Meet Our Newest Clients | October 2023


During his three decades of incarceration, Albert became a leader among his peers. He earned a welding degree, taught welding classes, and was a hospice volunteer for 20 years. The 58-year-old says it was rewarding to “show others compassion in a place like prison.”


Louis, a 10/6 lifer, was incarcerated for more than five decades after being told he would only spend 10 and a half years in prison. Now 74, he is grateful to finally have his freedom, and is a reminder that other men and women who could be released are growing old in prison.


Chris was given a life sentence at the age of 33, but earned his second chance after 23 years. While in prison, he earned carpentry certifications but is most proud of overcoming the addictions that sent him to prison decades ago.


Darrin, 59, was a promising football star in New Orleans prior to his incarceration in 1993. During his three decades of incarceration he became a mentor to other long-serving and younger men – helping them to better themselves inside prison.


Douglas was given a second chance after his 99 year sentence was commuted. Known as “Red” for his hair color, he became a skilled electrician, welder, and plumber while in prison and hopes to use those skills to build a career.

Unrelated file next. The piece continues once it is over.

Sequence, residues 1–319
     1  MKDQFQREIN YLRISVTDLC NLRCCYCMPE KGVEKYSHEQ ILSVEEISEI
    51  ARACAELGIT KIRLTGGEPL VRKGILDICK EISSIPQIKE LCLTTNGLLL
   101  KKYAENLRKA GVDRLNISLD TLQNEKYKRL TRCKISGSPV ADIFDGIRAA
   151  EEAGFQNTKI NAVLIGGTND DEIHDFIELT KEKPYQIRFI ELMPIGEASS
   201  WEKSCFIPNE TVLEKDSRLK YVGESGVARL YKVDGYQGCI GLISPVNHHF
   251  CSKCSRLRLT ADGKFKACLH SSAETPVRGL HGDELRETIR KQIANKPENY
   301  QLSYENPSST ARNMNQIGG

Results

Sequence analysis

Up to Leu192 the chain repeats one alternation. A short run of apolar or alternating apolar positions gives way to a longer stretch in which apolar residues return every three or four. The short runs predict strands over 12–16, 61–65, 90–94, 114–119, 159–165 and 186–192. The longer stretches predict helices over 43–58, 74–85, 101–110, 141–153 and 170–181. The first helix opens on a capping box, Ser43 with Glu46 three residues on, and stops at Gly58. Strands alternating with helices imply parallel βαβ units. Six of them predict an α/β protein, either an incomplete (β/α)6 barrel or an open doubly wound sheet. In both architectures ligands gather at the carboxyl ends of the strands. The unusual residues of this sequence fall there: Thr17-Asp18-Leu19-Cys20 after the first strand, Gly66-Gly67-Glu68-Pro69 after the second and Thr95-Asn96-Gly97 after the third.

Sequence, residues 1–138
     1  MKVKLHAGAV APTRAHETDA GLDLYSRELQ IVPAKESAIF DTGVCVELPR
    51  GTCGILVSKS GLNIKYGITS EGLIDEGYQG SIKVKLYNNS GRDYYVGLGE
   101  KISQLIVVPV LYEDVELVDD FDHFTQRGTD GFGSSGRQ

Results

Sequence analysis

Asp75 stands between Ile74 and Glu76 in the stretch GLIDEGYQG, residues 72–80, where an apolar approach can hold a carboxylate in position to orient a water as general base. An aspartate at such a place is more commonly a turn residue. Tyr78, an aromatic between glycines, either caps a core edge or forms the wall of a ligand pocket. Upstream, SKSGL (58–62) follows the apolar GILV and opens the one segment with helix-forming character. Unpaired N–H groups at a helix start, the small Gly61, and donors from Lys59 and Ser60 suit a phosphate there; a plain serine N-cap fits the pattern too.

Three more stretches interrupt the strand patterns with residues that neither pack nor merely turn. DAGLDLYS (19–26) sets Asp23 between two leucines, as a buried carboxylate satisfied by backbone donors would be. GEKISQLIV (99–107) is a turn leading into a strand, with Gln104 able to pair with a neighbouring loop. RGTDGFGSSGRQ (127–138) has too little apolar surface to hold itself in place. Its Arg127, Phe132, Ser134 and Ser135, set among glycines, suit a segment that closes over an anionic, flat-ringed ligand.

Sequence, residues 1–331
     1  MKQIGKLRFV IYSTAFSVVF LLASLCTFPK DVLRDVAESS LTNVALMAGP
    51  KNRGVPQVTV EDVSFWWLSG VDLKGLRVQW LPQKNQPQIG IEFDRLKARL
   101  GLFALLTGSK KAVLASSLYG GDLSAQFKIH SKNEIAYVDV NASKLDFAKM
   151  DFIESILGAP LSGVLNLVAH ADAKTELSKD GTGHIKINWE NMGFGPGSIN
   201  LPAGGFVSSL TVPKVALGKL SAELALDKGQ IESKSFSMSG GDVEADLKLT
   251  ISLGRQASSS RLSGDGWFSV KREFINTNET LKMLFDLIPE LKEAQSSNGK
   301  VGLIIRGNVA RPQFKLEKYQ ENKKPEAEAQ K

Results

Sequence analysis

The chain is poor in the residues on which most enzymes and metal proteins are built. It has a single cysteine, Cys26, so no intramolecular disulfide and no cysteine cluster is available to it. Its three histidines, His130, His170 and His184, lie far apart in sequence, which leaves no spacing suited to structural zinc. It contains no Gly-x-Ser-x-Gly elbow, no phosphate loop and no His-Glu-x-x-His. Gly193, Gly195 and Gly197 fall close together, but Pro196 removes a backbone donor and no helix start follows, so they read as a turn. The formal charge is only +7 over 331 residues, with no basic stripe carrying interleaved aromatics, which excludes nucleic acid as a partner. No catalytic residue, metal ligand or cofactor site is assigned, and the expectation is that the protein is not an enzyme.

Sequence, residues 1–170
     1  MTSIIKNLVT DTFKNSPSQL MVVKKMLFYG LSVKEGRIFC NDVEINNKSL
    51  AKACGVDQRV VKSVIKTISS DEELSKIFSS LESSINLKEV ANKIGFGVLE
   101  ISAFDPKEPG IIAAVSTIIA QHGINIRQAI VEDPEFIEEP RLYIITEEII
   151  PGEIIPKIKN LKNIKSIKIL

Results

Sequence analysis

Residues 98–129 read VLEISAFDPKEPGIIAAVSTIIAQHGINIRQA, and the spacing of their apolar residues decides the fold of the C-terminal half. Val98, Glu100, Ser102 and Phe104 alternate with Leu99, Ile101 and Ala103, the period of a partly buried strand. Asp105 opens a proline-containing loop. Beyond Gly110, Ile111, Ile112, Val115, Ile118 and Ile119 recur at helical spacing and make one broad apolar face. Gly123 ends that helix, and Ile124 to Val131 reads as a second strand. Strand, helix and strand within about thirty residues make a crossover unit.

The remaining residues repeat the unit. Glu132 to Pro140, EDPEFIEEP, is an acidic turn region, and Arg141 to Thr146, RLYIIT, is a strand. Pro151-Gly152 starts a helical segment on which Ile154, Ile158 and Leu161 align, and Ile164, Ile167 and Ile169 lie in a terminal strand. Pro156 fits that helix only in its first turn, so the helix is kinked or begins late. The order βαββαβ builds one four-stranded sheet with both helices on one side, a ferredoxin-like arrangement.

John spent nearly 40 years in prison before earning his second chance through resentencing. While incarcerated, he earned his GED and certifications for carpentry and CPR. “It’s definitely not 1985 anymore,” he said, “but being free makes me feel young again.”


Darwin was 18 years old when he was given a life sentence. During his nearly three decades in prison, he earned a bachelor’s degree and multiple HVAC certifications to become a mentor in the vocational program. Now 46, he is excited to move to Georgia to be with his family and use his skills to build a career.


Gregory, also known as “Mack,” grew up in Tennessee. He was given a life sentence 25 years ago. While incarcerated, he exemplified his home state’s volunteer mentality as he tutored and mentored others to while leading by example.


Paul was given a life sentence in 1981 at the age of 22. After 43 years, he received his second chance. For the past few years, Paul worked as a caretaker at the warden’s residence. In addition to maintaining the property, Paul would often take care of the warden’s dog Louie. “I’m going to miss that dog,” he said.


After 34 years in prison, Harry was granted parole after his life sentence was commuted by the governor. While at Angola, he learned how to care for livestock and was a fixture with the prison rodeo’s Rough Riders group. Thankful for his second chance, he can’t wait to saddle up as a free man.


Chad spent more than half of his life in prison after receiving a life sentence in 1998. Over 25 years later, he said he is completely awed by the changes he is seeing in the world. “I don’t know if I’ll ever be able to fully catch up on what I missed,” he said, “but at least I know I won’t have to miss anything else.”


During his 37 years in prison, Timothy became a skilled worker, earning a variety of trade certifications in carpentry, welding, and heavy equipment. “When I was 19, I made a lot of bad decisions,” he said, “but I’ve learned to be a better man and I’m proud of who I’ve become.” Now 56, he is ready to showcase his skills and growth he has obtained.

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